SEC and Civil Agencies Should Need a Warrant for Remotely-Stored Electronic Content

Share |

For years, the Securities and Exchange Commission (SEC)  has been seeking an administrative agency exception that would enable it to use a subpoena to access email content stored remotely by third parties.  But under current legal precedent, per a 2010 Sixth Circuit decision, United States v. Warshak, it has been precedent that this material should only be accessible with a search warrant.

The SEC continues to seek expanded authority, and they question the application of this warrant requirement to civil agencies.  In February, they issued a subpoena to Yahoo to access a user’s email, where the account was owned by a defendant in a securities fraud case.  Yahoo has rightly challenged this action, and the case, Securities and Exchange Commission v. North Star Finance LLC, represents a landmark dispute regarding the government efforts to obtain email content in a civil case with just a subpoena to an email service provider.

Unlike a warrant based upon probable cause, a subpoena only requires requested documents that are “relevant” to an investigation, a standard which is incredibly broad.  Consequently, providing government agencies access to such a wide range of stored content according to this lower threshold presents not only an obvious privacy violation, but also an operational concern for U.S. cloud providers whose customers expect a level playing field for access to remotely stored information.

To make an old-world analogy, this would be akin to the SEC providing merely a subpoena to a landlord requiring them to enter into a tenant’s apartment to obtain and turn over personal documents stored inside.  We wouldn’t stand for that in the physical world, so there’s no reason we should enable this over-reach in the digital world.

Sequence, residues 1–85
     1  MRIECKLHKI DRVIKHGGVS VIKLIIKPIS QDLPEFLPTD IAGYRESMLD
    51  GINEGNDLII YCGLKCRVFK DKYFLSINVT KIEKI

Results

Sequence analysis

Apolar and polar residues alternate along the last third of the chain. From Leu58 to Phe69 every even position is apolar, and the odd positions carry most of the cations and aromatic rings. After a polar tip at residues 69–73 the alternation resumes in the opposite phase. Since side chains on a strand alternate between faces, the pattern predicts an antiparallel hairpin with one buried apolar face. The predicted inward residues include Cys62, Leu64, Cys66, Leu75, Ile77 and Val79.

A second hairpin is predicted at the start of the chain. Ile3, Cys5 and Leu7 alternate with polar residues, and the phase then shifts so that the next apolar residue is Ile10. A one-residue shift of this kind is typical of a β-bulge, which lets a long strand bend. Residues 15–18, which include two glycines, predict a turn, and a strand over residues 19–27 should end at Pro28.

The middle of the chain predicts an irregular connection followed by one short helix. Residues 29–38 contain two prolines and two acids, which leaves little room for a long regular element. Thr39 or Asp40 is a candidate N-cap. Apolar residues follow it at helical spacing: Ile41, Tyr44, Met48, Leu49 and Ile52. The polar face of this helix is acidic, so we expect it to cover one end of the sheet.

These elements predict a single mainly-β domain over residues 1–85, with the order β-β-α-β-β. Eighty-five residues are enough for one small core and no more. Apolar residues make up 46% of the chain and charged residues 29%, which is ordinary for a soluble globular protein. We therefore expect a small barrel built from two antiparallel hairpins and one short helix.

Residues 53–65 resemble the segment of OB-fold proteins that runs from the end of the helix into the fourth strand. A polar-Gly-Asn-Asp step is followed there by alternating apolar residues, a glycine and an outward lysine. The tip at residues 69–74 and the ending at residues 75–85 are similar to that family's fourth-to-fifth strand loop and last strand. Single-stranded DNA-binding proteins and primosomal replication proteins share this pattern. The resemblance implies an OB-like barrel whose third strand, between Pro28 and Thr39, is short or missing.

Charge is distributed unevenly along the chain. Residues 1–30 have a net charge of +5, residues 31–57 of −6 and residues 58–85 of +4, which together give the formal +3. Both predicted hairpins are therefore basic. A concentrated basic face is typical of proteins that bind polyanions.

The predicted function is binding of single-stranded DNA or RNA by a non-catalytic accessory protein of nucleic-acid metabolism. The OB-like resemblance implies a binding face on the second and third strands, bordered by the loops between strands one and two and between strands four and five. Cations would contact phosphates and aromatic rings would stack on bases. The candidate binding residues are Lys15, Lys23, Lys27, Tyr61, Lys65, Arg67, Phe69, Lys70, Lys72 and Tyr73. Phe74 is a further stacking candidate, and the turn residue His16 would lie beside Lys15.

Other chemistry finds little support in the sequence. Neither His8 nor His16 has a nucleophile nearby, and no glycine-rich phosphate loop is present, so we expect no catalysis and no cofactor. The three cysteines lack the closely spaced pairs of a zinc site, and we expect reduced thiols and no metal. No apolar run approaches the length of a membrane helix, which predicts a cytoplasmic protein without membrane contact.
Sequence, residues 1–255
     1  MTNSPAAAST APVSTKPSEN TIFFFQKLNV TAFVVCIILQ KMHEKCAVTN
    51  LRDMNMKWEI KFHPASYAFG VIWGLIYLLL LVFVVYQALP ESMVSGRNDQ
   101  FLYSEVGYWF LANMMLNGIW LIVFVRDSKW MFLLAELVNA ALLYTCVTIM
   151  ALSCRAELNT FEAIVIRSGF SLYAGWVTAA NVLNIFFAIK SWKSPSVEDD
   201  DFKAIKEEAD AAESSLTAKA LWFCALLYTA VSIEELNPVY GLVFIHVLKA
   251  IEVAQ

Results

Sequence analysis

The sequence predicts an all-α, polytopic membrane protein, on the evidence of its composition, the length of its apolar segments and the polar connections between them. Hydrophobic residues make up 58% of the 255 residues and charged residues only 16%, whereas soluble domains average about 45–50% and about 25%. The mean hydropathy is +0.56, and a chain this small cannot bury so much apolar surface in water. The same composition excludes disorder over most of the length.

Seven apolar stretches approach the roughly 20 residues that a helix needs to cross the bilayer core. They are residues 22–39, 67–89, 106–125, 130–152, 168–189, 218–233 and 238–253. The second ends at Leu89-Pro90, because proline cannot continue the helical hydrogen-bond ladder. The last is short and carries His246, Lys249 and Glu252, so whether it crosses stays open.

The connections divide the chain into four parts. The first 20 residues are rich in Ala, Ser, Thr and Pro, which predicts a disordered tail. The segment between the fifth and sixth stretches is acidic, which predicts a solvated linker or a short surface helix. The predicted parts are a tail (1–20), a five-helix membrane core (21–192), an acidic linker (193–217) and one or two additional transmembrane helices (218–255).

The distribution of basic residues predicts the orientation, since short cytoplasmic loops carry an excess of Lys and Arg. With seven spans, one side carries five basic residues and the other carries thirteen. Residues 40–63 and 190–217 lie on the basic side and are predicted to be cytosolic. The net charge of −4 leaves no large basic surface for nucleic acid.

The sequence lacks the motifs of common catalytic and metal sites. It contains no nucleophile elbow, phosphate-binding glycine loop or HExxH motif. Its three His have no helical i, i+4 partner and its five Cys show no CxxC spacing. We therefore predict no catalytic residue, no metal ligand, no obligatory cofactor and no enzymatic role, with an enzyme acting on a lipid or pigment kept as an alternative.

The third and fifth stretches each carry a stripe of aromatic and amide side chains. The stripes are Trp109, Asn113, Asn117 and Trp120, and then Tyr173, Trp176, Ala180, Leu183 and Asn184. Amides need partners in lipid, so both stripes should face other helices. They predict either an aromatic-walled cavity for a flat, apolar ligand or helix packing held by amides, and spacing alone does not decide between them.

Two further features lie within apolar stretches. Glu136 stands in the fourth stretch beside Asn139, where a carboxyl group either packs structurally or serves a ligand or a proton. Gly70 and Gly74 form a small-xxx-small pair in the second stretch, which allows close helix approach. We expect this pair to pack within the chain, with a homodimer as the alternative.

Fortunately, Representative Kevin Yoder (R-KY) today offered an amendment to the Financial Services Appropriations bill under consideration in the House that would ensure that the SEC and other agencies (like the IRS) obtain a warrant to access the content of communications held by 3rd parties.  Of course, this is just one small piece of reform that would be accomplished by the Email Privacy Act (H.R. 387), authored by Reps. Yoder and Jared Polis (D-CO), which was passed by the House unanimously earlier this year.  This amendment is an important effort, but more urgently the Senate needs to take action to pass the Email Privacy Act to establish a warrant for content requirement, without exceptions.

David David LeDuc is Senior Director, Public Policy at SIIA. He focuses on e-commerce, privacy, cyber security, cloud computing, open standards, e-government and information policy. Follow the SIIA public policy team on Twitter at @SIIAPolicy.